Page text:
[Paleopsych] Independent Institute: Elections Are a Lousy Way to Run a Country
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Tue Aug 24 22:25:34 UTC 2004
Elections Are a Lousy Way to Run a Country
The main result of the [Canadian] federal election has been to
illustrate again the illusion of democracy. Paul Martin's party
obtained 37 per cent of the 60 per cent of registered voters; that is,
at most, 22 per cent of the electorate. And he says, "I do believe we
have a mandate from the people to act on the issues that we set out
and we obviously intend to fulfil that mandate."
Perhaps something like the Venetian custom described by economist
Mancur Olson should be implemented here: "In Venice, after a doge who
attempted to make himself autocrat was beheaded for his offense,
subsequent doges were followed in official processions by a
sword-bearing symbolic executioner as a reminder of the punishment
intended for any leader who attempted to assume dictatorial power."
But the problem of our democratic system is not only that a gang of
politicians and bureaucrats rule under the name of the people, it is
much deeper than this. The first question is, Who is the majority, and
what does it want?
Note that this question remains valid under proportional
representation. Many different rules exist to apportion votes to
representatives in a "proportional representation" parliament. Public
choice economist Gordon Tullock notes that, "for a given set of voters
with unchanged preferences, any outcome can be obtained by at least
one voting method." Proportional representation is a shibboleth for
The mystery of what the majority wants can be summarized as follows.
It has been known for two centuries that majority voting can produce
inconsistencies, depending on which alternatives are put before the
voters. And a result of modern public choice analysis is that when
inconsistent outcomes are ruled out and the issues are not too
complex, the "median-voter theorem" kicks in: to have a chance of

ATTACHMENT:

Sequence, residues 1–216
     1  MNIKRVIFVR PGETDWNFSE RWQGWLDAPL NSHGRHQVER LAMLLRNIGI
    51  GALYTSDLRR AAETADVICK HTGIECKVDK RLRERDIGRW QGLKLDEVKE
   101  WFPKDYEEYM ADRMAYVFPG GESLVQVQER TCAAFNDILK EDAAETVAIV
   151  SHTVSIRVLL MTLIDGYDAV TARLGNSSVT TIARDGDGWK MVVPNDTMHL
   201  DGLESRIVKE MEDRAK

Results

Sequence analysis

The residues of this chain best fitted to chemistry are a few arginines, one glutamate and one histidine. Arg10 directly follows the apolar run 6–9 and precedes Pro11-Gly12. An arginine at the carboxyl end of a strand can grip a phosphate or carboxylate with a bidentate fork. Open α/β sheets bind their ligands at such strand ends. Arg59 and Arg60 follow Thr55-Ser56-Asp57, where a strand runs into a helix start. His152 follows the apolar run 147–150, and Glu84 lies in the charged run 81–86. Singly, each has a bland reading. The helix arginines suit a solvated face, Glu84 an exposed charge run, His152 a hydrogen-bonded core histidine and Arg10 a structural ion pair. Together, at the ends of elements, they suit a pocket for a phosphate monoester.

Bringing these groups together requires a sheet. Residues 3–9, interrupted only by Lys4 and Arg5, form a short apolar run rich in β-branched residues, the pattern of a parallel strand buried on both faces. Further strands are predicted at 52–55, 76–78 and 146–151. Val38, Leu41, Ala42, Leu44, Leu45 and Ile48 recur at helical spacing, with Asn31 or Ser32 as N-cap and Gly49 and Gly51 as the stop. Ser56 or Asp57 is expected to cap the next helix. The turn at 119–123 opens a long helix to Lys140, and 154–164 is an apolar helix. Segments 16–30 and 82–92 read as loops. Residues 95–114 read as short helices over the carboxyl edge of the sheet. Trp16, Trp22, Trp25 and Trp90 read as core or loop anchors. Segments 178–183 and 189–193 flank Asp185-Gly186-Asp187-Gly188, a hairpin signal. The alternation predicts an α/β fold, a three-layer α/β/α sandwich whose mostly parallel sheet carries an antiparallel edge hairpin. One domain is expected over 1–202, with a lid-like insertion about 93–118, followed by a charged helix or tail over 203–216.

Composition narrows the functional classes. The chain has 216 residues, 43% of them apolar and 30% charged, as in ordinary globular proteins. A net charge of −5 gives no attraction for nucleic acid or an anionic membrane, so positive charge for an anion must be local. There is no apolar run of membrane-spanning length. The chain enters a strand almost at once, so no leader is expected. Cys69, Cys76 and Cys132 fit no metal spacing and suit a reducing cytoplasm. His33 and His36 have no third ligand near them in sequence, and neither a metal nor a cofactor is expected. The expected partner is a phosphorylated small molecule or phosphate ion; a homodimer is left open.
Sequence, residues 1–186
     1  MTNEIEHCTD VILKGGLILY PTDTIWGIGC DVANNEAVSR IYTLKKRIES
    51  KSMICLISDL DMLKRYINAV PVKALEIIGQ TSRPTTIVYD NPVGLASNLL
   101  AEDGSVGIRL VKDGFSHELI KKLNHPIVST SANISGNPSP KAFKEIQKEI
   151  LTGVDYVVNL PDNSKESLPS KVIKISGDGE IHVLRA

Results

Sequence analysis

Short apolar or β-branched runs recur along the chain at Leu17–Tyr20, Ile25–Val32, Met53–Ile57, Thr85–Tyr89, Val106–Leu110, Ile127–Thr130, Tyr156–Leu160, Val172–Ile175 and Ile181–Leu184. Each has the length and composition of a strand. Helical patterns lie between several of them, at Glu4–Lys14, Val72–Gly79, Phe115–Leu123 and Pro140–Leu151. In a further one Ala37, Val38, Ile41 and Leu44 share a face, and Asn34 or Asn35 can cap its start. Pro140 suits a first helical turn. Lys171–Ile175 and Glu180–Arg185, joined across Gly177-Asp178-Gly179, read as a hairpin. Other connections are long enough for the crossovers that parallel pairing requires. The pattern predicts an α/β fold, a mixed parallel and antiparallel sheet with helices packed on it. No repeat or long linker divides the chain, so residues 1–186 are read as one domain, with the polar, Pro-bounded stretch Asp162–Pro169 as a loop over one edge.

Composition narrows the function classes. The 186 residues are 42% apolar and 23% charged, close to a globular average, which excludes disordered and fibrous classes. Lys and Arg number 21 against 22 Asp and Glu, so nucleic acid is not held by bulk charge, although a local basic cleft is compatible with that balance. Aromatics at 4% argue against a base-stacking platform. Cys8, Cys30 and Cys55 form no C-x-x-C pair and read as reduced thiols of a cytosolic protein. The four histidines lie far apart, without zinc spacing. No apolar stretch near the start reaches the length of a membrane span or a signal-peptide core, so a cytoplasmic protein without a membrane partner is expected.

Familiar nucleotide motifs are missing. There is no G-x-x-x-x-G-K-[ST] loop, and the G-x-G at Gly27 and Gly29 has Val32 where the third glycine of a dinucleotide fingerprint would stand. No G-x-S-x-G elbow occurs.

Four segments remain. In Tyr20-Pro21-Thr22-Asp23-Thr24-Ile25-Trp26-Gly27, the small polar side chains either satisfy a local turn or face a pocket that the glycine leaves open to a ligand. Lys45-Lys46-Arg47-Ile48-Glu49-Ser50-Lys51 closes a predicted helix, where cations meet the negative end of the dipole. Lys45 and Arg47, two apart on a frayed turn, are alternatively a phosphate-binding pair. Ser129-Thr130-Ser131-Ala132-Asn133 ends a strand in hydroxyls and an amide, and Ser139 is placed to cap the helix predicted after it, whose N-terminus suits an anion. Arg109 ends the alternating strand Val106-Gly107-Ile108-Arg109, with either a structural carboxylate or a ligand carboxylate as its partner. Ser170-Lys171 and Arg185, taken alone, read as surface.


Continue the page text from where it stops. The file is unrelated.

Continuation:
getting elected, all political parties have an incentive to get closer
and closer to the median (the most typical) voter and, thus, to become
more and more similar.
Thus, majority voting produces either inconsistent choices, a tyranny
of the majority, or a tyranny of the mediocre. And they are all called
But this is not all. The political parties promise smorgasborgs of
complex and ill-defined policies with consequences that are impossible
to forecast. And each voter remains "rationally ignorant," as
economists say, because it does not pay him to spend time getting
information, for his one vote is not going to make a difference. In
fact, Martin has no mandate from any voter, except perhaps among his
court intellectuals and close apparatchiks.
Moreover, the gag laws that limit free speech during election
campaigns mean that the outcome is loaded by an artificial equality of
expression. And we have not even considered the idea that state
intervention makes people more and more addicted to the state, as
economist Anthony de Jasay argues.
Democracy is an illusion in a still deeper sense. It is an acceptable
mechanics to decide who will govern, given general agreement on to
what is to be done, but a poor system for resolving deep conflicts.
The wider the range of issues that totalitarian democracy wants to
peep into, the more conflictual it becomes.
In practice, democracy presents two challenges. The first one is
preventing the politicians and the bureaucrats from ruling in the name
of an invisible people. The second challenge is to avoid the tyranny
of the majority, or whatever is viewed or calculated as the majority.
Would direct democracy (citizen-driven referenda, with free speech, of
course) provide a solution? It would at least address the first
challenge--which is why the statocrats are scared of it--but ways to
limit the range of democratic intervention would still be needed. At
any rate, direct democracy could not be worse than the present system.
Pierre Lemieux is an economist and co-director of the Economics and
Liberty Research Group at the Université du Québec à Hull and research
fellow at The Independent Institute in Oakland, California.
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